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Early Enterocyte Injury in Neonatal Necrotizing Enterocolitis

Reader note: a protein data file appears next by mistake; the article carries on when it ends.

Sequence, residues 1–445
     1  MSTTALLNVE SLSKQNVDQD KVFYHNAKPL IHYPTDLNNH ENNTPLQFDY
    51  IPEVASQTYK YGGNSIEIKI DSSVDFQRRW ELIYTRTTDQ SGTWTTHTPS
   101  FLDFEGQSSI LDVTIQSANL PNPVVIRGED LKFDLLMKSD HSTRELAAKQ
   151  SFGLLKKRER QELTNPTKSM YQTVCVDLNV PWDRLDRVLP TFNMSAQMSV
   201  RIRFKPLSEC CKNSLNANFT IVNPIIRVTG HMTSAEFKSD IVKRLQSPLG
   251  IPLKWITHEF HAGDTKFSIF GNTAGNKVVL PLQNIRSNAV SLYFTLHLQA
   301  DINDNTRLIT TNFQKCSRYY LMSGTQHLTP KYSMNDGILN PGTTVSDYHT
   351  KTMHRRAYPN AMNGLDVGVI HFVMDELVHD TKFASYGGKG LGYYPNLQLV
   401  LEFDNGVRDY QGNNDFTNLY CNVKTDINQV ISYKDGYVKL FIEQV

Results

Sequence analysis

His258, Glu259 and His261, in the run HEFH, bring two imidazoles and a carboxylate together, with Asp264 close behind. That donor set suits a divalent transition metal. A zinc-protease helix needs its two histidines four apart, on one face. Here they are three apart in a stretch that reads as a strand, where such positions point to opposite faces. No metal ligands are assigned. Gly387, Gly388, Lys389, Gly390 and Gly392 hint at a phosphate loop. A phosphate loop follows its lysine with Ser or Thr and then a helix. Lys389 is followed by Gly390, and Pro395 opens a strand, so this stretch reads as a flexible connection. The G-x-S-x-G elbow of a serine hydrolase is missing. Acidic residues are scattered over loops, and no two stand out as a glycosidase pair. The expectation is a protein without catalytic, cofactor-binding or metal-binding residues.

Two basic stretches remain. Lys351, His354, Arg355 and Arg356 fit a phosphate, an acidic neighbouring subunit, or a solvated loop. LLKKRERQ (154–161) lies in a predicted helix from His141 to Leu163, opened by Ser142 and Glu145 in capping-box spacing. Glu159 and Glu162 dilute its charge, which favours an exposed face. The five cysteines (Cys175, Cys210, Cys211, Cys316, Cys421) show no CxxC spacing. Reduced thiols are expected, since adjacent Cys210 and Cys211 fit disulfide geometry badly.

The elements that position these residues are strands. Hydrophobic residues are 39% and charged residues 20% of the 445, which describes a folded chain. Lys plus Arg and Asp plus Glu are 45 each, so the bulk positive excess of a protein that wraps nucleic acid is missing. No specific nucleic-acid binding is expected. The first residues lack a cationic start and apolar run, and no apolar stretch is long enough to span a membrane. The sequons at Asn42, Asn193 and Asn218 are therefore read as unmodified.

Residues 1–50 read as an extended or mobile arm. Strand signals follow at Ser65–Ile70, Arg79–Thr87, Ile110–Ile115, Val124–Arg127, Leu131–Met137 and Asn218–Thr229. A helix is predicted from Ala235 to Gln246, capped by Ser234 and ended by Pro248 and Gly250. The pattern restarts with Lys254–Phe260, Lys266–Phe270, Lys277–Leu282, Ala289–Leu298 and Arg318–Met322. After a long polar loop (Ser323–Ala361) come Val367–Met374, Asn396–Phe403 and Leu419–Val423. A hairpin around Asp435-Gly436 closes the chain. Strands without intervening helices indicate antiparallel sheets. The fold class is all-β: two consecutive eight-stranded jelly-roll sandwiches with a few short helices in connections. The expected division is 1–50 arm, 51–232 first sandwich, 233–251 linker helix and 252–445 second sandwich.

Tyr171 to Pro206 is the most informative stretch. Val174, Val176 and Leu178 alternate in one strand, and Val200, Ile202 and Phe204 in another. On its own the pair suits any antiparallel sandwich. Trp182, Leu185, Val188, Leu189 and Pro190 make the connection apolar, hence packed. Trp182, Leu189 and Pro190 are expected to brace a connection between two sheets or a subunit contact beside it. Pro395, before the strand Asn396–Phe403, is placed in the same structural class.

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Necrotizing enterocolitis (NEC) is a life-threatening inflammatory bowel disorder of unknown cause that affects approximately 10% of premature infants born <1500gm. Platelet activating factor (PAF) is a phospholipid inter and intra-cellular mediator which has been shown in clinical studies to rise several days before the onset of clinical symptoms in some patients, suggesting that it is a critical factor in the development of the disease. Thus inhibition of the early effects of PAF could limit the clinical morbidity of NEC. However, the exact mechanisms of PAF-induced intestinal injury are poorly understood. The objective of this proposal is to investigate the early effects of PAF directly on intestinal epithelial cells in order to identify a therapeutic intervention to prevent development of NEC. Preliminary data for this proposal demonstrate four potentially linked, early effects of PAF directly on intestinal epithelial cells -PAF-induced intracellular acidification, along with PAF-induced Cl- channel activation, increased free intracellular [Ca2+]I, and apoptosis. I hypothesize that PAF induces intracellular acidosis via a Ca2+ dependent Cl- channel and that PAF induced intracellular acidosis results in apoptosis of intestinal epithelial cells leading to compromised intestinal barrier function. Various Cl- channels have been shown to conduct bicarbonate in addition to Cl-, thereby altering intracellular pH. Intracellular acidosis has been linked to apoptosis in other cell types. Apoptosis of intestinal epithelial cells may lead to increased intestinal permeability, bacterial translocation across the intestinal epithelium, inflammation, and NEC. Thus, PAF-induced activation of an intestinal mucosal Cl- channel and resultant acidosis may be an important early trigger of epithelial cell apoptosis resulting in compromise of intestinal barrier function. This proposal is designed to 1. Determine the mechanism of PAF induced acidosis in intestinal epithelial cells 2. Investigate the specific relationship between PAF induced acidosis and apoptosis. 3. Examine the early effects of PAF on intestinal barrier function. The experimental design uses the well described rat small intestinal epithelial cell line IEC-6, the human fetal small intestinal cell line H4 which is a model of the human immature small intestine uniquely susceptible to NEC, and pre-weaned rat intestinal explants. These studies will begin to answer the critical questions "What begins the cycle of intestinal injury in NEC?" and "What is the role of PAF in initial intestinal epithelial cellular injury?" Since apoptosis of intestinal epithelial cells associated with Cl- channel activation has not been previously described, understanding this mechanism may provide a novel approach to treating or preventing NEC in at risk infants. PUBLIC HEALTH RELEVANCE Necrotizing enterocolitis is a poorly understood, life threatening inflammatory bowel disease of premature infants in which 20-30% of patients die and survivors are at risk for significant intestinal and neurodevelopmental consequences. Platelet activating factor (PAF) is believed to play a critical role in the development of this disease. This proposal will investigate how PAF causes intestinal injury, in order to develop a treatment to limit necrotizing enterocolitis in vulnerable infants.

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